Our family was now living apart because my husband had to return to work. I was a single mother Monday to Friday and suddenly our family who did everything together did most things apart. My career was finished, our savings were disappearing fast, we had to sell a car to make ends meet and put our house up for sale to clear the debt. We were one income down and eventually when my husband found a job, so our family could be reunited, he took a huge pay cut to do so.

Cameron 8 months old
But far worse than any of that was that Cameron wasn't our Cameron anymore. He cried a lot and he couldn't do what he'd been able to do before he got sick. Our future was no longer the future we had envisioned for our little family. Cameron wouldn't be marrying and having children, he wouldn't be going to university and building a career. Instead of him learning about our world we were now faced with learning about his new world and all the medical and life difficulties which were in front of him.

As time went on we learnt that along with his brain damage Cameron had lost all of his hearing in his right ear. His right eye wandered, he had Global Developmental Delay and Dyspraxia. However worse than all of that is the epilepsy which has nearly taken his life so many times in the last fifteen years that I have lost count and every time he has a seizure he usually loses abilities which he has learnt since the last seizure.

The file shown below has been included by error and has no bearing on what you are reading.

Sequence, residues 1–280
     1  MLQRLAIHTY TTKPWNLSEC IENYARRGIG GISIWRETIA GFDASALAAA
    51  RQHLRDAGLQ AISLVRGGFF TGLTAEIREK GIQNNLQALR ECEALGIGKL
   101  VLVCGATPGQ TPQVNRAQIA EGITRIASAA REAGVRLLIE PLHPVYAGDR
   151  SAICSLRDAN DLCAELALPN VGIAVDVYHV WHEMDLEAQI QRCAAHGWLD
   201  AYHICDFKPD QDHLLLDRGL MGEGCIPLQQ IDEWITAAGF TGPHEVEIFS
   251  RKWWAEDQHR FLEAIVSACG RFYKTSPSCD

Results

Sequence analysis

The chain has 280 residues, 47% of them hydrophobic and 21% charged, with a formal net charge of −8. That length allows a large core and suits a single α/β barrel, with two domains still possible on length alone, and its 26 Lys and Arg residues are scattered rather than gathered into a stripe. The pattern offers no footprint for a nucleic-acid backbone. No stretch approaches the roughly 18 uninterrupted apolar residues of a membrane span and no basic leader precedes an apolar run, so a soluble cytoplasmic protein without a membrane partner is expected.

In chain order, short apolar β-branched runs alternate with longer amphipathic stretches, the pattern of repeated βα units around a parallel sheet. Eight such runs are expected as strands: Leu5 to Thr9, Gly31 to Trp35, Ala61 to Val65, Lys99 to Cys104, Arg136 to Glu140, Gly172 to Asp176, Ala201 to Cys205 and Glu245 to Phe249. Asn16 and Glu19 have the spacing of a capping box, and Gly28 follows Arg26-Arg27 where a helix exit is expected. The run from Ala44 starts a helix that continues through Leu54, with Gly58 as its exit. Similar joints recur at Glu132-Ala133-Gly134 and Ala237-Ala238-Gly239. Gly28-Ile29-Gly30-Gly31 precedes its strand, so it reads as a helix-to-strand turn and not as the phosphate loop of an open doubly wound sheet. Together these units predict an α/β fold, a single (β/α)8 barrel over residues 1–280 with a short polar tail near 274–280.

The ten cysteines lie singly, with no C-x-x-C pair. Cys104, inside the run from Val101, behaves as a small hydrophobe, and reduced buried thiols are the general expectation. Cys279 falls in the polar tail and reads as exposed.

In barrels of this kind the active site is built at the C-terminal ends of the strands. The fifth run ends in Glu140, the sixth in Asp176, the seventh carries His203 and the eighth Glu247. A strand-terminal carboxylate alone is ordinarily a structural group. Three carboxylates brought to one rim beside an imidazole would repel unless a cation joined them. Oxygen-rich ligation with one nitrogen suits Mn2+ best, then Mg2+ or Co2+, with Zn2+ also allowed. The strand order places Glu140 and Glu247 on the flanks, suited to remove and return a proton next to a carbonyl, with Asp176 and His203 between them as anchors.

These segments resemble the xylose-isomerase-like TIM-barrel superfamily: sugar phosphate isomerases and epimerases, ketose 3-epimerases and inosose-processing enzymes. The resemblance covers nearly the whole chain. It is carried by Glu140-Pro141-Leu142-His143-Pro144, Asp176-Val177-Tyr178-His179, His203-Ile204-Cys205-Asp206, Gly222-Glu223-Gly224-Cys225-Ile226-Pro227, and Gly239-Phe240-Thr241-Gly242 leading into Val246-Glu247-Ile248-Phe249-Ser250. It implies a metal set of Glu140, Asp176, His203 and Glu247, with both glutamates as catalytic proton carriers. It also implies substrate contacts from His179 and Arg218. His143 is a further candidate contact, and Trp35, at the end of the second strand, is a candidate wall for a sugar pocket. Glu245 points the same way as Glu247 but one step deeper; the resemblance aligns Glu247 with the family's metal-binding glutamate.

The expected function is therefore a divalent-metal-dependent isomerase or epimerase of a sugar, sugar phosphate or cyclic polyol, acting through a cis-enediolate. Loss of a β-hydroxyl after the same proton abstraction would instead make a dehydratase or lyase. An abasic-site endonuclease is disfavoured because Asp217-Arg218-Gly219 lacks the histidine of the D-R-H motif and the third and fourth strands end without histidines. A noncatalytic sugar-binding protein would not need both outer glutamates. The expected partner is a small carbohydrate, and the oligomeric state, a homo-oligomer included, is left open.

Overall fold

We have moved two more times for Cameron and we spend our lives searching for that special therapy or something that will help his brain make and hold connections so he can live a more  independent life. If not he will be dependent on us for the rest of his life.

Fifteen years down the track Cameron has endured many years of mainstream therapies and alternative therapies and attends a special school to try and learn life skills. He is a non verbal, non toilet trained, giant toddler who is incredibly affectionate, sociable and loving with a dose of cheeky thrown in. He struggles with most tasks in life. I still get the beautiful cuddles that he gave me as a baby but I really shouldn't. He should be out hanging with his mates but he doesn't have any.

Cameron 14 years old
I would give anything for Cameron to regain his brain function but good has come out of bad. As a family we are hugely appreciative of the little things in life and we rejoice the smallest of achievements. Cameron is incredibly loving and caring and is focused on the important things in life - those he loves and love him. He is not materialistic and has lead us to the same path. We have learnt a lot of life lessons through Cameron and that was something we didn't foresee when we sat beside our dying child fifteen years ago.

I often look back and dwell on the fact that I thought it would never happen to me, little did I realize that it would happen to me.

If you would like to read more of Cameron's story please visit my blog - This is No Ordinary Kid - and my Facebook page - This is No Ordinary Kid -